Common names (selected): English: African coffee tree, castor, castor bean, castor bean plant, castor oil bush, castor oil, castor oil plant, castor oil tree, castorbean tree, castor-oil plant, maple weed, Palma Christi, Palma-christi, wonder tree; Chinese: 蓖麻 (ramie); Fijian: belenivavalagi, mbele ni vavalagi, utouto; French: grande epurge, ricin, ricin commun, huile montecristi, huile ricin, mascarite, mascristi, palma cristi (Haiti); German: Rizinus; Hawaiian: la'au 'aila, ka'apeha; Maori: pakarana, tuitui papa'a, tuitui; Philippines: tangan-tangan; Portuguese (Brazil): carrapateiro, carrapato, catapucia-maior, caturra, mamona, mamoneira, palma-de-cristo, rícino, tortago mamoeiro; Samoan: lama palagi, lama palagi; Spanish: carrapa, higuereta, palma Christi, ricino verde (Cuba), higuerilla, palmacristi (Mexico), hierba mora, higuera del diablo, ricino, ricino comun, tartago; Sri Lanka: amanaku maram; Thai: lahung; mahung; Vietnamese: daudan; thâu dâù

Description: Perennial shrub

Native range and distribution: R. communis is probably native to North-Eastern Africa and the Middle East. Currently, populations can be found across the African continent. It is widely naturalized across the world, including in the U.S., Mexico, South America, Australia, New Zealand and on numerous Pacific islands.

Urban habitat: R. communis frequently thrives in riparian areas and in abandoned fields, drainages, ditches, and along roadsides and railroad tracks. 

Ecological function: Food for ants, who disperse the seeds and assist with their germination process.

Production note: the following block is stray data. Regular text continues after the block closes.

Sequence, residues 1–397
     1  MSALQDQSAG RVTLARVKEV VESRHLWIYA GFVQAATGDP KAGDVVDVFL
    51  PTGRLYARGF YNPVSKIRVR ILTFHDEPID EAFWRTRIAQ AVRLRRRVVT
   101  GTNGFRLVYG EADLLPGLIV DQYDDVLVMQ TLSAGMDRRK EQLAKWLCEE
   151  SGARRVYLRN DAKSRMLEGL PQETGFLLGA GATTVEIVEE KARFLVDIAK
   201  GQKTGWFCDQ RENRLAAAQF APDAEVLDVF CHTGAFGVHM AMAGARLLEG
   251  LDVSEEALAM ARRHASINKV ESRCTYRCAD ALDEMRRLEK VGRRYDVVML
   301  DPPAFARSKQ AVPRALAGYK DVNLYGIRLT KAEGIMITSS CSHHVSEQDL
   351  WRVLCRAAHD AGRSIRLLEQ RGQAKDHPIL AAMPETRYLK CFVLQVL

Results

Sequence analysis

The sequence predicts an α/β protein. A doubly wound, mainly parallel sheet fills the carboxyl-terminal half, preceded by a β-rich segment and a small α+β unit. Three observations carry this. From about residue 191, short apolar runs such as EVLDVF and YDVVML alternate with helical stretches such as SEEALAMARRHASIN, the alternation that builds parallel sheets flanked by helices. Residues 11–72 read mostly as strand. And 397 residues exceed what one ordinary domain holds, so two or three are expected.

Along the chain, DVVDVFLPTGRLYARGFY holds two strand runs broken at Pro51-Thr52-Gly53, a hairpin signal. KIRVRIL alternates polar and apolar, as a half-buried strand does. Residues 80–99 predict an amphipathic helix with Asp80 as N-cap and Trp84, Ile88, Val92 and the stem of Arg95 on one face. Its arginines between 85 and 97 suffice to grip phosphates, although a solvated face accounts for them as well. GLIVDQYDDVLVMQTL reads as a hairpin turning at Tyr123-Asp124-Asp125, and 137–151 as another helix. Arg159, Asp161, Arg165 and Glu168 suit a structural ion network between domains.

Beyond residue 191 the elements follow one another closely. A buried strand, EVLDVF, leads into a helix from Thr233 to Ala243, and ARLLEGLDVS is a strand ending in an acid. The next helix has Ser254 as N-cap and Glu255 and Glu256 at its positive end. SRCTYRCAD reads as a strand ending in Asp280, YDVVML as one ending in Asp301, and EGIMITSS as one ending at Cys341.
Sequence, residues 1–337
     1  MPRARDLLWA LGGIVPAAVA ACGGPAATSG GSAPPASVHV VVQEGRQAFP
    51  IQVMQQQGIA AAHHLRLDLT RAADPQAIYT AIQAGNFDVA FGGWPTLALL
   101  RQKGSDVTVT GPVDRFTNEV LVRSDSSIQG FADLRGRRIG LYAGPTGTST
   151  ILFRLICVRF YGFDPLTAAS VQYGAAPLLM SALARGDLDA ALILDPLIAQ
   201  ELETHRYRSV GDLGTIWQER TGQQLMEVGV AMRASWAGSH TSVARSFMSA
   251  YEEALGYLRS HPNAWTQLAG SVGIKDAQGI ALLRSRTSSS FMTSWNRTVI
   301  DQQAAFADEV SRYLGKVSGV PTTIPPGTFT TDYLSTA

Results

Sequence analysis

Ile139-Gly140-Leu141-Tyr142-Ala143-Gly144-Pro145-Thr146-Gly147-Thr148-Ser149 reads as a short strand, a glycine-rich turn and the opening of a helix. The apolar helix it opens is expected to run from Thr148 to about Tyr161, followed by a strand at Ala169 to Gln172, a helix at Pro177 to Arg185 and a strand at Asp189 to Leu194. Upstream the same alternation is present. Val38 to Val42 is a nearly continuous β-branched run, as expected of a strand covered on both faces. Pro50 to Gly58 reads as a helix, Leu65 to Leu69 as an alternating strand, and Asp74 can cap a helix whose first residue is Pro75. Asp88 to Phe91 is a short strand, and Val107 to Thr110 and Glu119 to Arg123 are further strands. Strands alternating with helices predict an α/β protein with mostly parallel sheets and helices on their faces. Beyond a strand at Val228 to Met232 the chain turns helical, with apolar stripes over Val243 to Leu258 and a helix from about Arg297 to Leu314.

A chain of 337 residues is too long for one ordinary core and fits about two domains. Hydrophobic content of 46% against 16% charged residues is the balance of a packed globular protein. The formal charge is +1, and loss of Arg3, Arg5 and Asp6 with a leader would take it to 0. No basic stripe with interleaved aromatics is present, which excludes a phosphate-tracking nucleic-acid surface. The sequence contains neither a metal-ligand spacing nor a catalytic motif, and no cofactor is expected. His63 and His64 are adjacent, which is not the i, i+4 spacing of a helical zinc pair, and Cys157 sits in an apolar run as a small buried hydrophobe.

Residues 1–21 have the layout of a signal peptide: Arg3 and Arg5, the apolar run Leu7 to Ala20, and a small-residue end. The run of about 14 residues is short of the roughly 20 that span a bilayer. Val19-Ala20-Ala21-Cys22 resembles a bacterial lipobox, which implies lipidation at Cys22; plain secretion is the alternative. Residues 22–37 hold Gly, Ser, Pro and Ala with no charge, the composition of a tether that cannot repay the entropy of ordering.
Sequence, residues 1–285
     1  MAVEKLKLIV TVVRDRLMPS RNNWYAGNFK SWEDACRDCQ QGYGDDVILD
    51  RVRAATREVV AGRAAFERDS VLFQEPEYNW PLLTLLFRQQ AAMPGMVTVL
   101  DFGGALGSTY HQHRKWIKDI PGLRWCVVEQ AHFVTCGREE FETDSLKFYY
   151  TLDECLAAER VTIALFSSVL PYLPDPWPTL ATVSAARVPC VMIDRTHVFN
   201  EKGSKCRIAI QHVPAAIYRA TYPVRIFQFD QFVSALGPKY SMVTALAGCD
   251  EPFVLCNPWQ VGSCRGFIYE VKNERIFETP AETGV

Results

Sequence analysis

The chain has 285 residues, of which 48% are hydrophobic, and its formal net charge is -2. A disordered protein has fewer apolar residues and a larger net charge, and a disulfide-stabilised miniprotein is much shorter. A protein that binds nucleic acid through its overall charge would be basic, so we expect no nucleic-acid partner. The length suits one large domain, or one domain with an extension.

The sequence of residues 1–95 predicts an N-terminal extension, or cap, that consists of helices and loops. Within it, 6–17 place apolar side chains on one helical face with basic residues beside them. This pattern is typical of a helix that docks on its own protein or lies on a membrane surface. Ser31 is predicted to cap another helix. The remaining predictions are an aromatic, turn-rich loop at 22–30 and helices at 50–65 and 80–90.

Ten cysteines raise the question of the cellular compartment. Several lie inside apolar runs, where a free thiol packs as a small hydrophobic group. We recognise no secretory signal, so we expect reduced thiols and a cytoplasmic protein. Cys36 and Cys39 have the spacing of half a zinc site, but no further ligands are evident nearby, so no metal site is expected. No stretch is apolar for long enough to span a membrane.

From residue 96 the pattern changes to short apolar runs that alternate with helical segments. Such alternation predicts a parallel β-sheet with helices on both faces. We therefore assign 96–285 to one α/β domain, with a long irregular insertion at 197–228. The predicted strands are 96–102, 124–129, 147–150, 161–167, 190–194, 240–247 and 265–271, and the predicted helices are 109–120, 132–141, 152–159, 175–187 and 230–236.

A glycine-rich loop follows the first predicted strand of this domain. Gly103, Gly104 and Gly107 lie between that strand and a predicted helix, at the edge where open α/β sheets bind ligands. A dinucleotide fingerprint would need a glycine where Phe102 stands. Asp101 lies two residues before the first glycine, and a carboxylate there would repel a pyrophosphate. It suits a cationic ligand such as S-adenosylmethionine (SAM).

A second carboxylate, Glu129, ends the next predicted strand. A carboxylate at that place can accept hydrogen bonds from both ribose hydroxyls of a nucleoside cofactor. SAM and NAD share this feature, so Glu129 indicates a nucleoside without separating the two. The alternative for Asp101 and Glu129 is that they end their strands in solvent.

History / human uses: Known as 'castor beans', the seeds of R. communis are among the most infamous in the world. Its genus name comes from the Latin word ricinus meaning ‘tick’ from the appearance of the seeds. The plant was cultivated for the oil produced from its seed in Egypt as long as 6000 years ago. In the U.S., the species was first documented in Florida in the 1760s and by 1819 it is listed as naturalized in Hawaii. All over the world, the traditional use of its oil has been for illumination and medicine. The oil is a well-known laxative that has been widely used for over 2,000 years. In China, the oil is used in traditional medicine for internal use or externally in dressings. The oil is also found to have an antidandruff effect and is sometimes used as a vehicle for medicinal and cosmetic preparations. Castor oil gel is useful in the treatment of non-inflammatory skin diseases and is a good protective in cases of occupational eczema and dermatitis. From World War I until the 1960s, its oil was utilized as a lubricant for aircraft, but the U.S. also began using its seed to develop biological warfare agents to produce ‘ricin’, as the toxin in the seed is called, which ranks among the most poisonous substances found in nature. By World War II the U.S., collaborating with the British, developed but never implemented in combat, a ricin-containing bomb code-named ''compound W.'' The 1978 assassination of the Bulgarian defector Georgi Markov was said to have been caused by an injection into his thigh of a small metal pellet containing ricin by a weapon disguised as an umbrella. Its oil has also been used as a tool of torture: force-feeding castor oil to prisoners was practiced by the Nationalists under the leadership of Francisco Franco during the Spanish Civil War and in Mussolini’s fascist Italy, the paramilitary Blackshirts used castor oil for the same purpose to deal with its opponents. The severe diarrhea brought on by the ingestion of large amounts of castor oil leads to dehydration which could ultimately cause death. Castor oil is also used in the manufacturing of paints, dyes, adhesives, inks, soaps, cosmetics, chocolate, hydraulic brake fluids, plastics, waxes, varnishes, sealants and synthetic resins. A fibre for making ropes is obtained from the stems. The growing plant is said to repel flies and mosquitoes. Cellulose from the stems is used for making cardboard and paper. R. communis is also sometimes planted as an ornamental.